Page 1 of 1

### Homework Question 1B7b

Posted: Sun Oct 07, 2018 2:55 pm
Sodium vapor lamps emit yellow light of wavelength 589nm. How much energy is emitted by 5.00 mg of sodium atoms?

### Re: Homework Question 1B7b

Posted: Sun Oct 07, 2018 8:47 pm
First, you want to convert the 5.00 mg of sodium atoms to how many atoms of Na there are. You can do this through the following:

(5.00 mg Na)(1 g Na/1000 mg Na)(1 mol Na/22.99 g Na)(6.022x10^23 atoms/1 mol Na) which equals 1.3097 x 10^20 atoms of Na.

Then, to find the energy emitted by 5.00 mg of sodium atoms, you can multiply the atoms of Na by the energy emitted by one Na atom (the answer of part a).

(1.3097x10^20 atoms)(3.37x10^-19 J/atom) = 44.1 J

Hope this helped!

### Re: Homework Question 1B7b

Posted: Wed Oct 10, 2018 10:11 am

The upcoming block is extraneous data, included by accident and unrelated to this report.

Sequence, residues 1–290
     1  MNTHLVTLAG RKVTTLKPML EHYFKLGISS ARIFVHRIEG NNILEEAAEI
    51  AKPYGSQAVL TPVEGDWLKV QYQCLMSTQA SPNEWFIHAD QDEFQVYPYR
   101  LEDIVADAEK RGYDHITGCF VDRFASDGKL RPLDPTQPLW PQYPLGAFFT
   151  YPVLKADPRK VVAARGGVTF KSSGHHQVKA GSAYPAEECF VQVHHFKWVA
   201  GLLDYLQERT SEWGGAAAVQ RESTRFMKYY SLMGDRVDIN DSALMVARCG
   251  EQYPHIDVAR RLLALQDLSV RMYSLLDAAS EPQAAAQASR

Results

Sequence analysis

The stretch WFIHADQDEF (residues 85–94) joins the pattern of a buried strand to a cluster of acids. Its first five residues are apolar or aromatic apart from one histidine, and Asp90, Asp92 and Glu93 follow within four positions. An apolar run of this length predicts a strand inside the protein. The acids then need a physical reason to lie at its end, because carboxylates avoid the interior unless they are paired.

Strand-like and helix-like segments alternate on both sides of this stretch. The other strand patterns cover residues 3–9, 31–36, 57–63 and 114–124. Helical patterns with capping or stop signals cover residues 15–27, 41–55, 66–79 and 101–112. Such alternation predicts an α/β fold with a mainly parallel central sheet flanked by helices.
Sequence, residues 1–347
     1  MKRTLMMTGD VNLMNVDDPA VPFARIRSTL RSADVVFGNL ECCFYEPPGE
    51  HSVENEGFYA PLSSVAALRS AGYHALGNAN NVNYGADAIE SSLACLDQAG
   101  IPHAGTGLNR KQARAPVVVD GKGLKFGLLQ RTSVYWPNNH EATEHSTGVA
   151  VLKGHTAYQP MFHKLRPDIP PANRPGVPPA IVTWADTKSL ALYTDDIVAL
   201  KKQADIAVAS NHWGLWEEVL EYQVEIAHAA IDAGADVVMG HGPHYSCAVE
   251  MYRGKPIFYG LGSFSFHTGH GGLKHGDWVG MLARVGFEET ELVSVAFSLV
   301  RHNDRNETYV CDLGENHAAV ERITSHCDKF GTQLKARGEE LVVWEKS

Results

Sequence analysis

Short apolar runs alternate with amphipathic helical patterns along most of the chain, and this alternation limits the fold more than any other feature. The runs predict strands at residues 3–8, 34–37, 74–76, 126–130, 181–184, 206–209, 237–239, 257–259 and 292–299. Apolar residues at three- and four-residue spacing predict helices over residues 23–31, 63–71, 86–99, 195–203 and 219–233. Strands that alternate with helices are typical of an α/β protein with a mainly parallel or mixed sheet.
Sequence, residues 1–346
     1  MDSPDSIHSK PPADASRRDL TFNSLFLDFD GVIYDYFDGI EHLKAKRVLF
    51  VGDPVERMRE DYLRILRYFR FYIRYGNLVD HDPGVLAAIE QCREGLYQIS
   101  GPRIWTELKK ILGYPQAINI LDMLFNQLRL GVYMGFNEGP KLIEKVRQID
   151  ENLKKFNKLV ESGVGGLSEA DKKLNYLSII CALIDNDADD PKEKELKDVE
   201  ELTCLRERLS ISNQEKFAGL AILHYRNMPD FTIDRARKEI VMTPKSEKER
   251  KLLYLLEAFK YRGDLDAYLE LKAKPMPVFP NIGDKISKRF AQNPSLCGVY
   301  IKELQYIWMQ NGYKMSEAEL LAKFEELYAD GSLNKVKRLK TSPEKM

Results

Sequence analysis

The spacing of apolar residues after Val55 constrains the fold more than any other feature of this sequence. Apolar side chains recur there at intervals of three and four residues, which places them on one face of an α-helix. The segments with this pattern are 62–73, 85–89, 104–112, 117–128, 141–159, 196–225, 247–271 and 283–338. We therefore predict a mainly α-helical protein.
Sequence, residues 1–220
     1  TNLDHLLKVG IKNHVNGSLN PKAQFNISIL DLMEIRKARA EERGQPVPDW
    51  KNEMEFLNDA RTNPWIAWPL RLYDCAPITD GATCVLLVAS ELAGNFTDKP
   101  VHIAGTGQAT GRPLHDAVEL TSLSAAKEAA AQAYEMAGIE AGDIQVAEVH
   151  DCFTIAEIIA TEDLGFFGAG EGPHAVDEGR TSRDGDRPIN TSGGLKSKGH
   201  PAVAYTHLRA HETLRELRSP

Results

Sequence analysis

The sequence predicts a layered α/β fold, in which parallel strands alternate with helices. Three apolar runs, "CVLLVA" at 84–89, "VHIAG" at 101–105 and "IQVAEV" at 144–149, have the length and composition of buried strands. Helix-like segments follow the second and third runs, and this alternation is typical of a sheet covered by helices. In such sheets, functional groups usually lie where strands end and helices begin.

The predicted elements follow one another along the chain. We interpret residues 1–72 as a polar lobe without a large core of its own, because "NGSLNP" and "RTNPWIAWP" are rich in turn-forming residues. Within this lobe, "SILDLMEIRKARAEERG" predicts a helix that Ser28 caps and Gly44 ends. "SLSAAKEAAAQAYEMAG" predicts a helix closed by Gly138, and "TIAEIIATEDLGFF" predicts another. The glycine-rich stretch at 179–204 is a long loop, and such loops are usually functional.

In order to solve this problem, you need to find the amount of atoms of Na. To do this convert the 5.00 mg to .005 g. Then divide by 22.99 g.mol^-1 (Na molar Mass) to find the number of moles, which is 2.17 x 10^-4. You then multiply by Avogadro's constant (6.022 x 10^23) to find the number of atoms, which turns out to be 1.31 x 10^20 atoms Na. In order to find the energy of the sodium emitted, we need to use the equation E=hv, where h is Planck's constant and v is the frequency. However, we only have the wavlength. Luckily, we can use c=v(lambda) to find the frequency. c is the speed of light or 3.00 x 10^8. The wavelength is in nanometers, so we must multiply by 1 x 10-9 to convert to meters, making the wavelength 5.89 x 10^-7 m. We use c/lambda = v to find the frequency, which results in 5.09 x 10^14 Hz. We can now use E=hv to find the energy of a single atom, which is 3.37 x 10^-19 (6.63 x 10^-34 x (5.09 x 10^14)). We can then multiply the found energy of a single atom to the amount of atoms we have (1.31 x 10^20), which results in the energy being 44.1 J.